One friend even claimed that he had a condition that meant he barely felt pain. "When he was on the baseball team, everyone had to be careful that he didn't fall because he could get hurt and not feel it," the friend told reporters.
Records show that Lanza achieved a high-school level of education but does not appear to have gone on to university or to have ever held a job.
Her son's difficulties were always at the forefront of Nancy Lanza's mind, even as she appeared to neighbours to be a bright and lively woman interested in gardening and dice games.
Marsha Lanza, her sister-in-law, said Mrs Lanza "battled with the school district" as she fought to make sure Lanza was getting the support he needed.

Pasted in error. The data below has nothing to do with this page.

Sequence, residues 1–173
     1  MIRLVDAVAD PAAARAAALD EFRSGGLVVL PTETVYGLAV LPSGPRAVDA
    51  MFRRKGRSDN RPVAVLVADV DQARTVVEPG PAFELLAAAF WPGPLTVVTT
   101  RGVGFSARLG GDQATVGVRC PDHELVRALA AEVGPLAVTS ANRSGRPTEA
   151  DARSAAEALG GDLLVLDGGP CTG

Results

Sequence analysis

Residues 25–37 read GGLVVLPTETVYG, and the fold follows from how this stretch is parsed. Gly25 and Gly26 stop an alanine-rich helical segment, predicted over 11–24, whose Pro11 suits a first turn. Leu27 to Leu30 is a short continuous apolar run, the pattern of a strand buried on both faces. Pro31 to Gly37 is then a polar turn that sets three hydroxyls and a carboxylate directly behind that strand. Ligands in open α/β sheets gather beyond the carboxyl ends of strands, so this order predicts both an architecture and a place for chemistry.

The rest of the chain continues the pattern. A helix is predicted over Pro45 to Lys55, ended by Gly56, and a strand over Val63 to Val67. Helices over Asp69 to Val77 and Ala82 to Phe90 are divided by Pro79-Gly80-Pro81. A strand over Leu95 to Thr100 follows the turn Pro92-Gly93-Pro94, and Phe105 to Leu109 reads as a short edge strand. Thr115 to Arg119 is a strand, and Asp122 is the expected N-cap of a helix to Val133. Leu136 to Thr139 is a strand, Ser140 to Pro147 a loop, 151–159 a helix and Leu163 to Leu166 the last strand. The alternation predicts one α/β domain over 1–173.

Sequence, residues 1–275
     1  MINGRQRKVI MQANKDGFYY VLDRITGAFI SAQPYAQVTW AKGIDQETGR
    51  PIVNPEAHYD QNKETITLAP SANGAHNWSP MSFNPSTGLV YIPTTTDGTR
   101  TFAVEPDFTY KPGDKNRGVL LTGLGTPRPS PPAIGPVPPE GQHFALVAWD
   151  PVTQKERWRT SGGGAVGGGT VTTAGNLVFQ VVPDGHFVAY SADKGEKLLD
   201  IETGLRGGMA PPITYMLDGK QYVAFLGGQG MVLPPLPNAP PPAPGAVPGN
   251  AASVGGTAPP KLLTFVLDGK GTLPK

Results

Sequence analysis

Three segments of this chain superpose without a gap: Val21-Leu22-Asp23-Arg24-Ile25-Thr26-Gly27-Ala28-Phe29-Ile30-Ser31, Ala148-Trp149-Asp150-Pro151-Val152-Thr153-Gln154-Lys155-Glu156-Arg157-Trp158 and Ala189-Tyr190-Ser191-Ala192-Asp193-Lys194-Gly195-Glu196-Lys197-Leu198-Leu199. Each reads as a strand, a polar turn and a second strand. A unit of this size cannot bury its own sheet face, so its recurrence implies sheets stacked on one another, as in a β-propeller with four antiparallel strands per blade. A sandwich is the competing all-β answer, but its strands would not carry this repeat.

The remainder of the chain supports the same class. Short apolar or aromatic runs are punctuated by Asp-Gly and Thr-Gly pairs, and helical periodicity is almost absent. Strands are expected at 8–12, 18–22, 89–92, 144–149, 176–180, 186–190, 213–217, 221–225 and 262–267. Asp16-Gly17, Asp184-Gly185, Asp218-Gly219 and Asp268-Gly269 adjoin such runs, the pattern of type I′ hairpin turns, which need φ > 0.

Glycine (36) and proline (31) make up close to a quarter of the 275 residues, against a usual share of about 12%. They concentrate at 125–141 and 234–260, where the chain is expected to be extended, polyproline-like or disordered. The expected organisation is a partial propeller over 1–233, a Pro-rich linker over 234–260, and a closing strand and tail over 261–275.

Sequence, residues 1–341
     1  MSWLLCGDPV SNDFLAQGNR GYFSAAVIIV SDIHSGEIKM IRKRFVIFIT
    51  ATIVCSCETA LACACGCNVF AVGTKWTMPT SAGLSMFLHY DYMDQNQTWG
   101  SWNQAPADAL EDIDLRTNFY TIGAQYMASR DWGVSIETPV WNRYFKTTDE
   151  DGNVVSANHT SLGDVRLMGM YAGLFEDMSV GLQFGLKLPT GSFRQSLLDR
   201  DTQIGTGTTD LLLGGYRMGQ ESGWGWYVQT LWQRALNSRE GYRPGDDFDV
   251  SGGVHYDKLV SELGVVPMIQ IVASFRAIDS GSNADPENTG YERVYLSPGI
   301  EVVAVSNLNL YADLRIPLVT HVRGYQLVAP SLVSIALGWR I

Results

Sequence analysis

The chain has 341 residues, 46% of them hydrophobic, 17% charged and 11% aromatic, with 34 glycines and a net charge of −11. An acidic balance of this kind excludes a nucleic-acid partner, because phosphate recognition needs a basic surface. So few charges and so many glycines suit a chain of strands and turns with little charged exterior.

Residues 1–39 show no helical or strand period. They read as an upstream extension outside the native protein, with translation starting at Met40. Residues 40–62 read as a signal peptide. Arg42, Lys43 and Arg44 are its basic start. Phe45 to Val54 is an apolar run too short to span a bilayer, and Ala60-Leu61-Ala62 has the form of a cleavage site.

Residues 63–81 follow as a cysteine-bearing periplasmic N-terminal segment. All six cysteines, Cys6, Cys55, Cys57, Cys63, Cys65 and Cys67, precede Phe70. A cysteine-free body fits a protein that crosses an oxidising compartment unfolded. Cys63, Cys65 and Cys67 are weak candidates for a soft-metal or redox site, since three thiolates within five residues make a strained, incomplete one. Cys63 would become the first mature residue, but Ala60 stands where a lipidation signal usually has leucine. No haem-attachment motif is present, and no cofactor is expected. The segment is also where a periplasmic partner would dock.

She taught Lanza how to shoot and would speak freely of the gun collection that he would eventually use to devastating effect.
The 52-year-old was found dead in bed five miles away from Sandy Hook school after police arrived to investigate the gunman's home. She had been shot in the head by her younger son.
Mrs Lanza described as a "survivalist" by a relative is believed to have owned at least five firearms, including the powerful rifle used by Lanza in his assault on the school and several handguns.
Friends told reporters that she was likeable but highly-strung, and had seemed anxious about coping with Lanza's developmental problems.
A slim woman with blonde hair, she was a registered Republican who enjoyed "ladies' night" at friends' homes but never hosted the evenings at her own, friends said.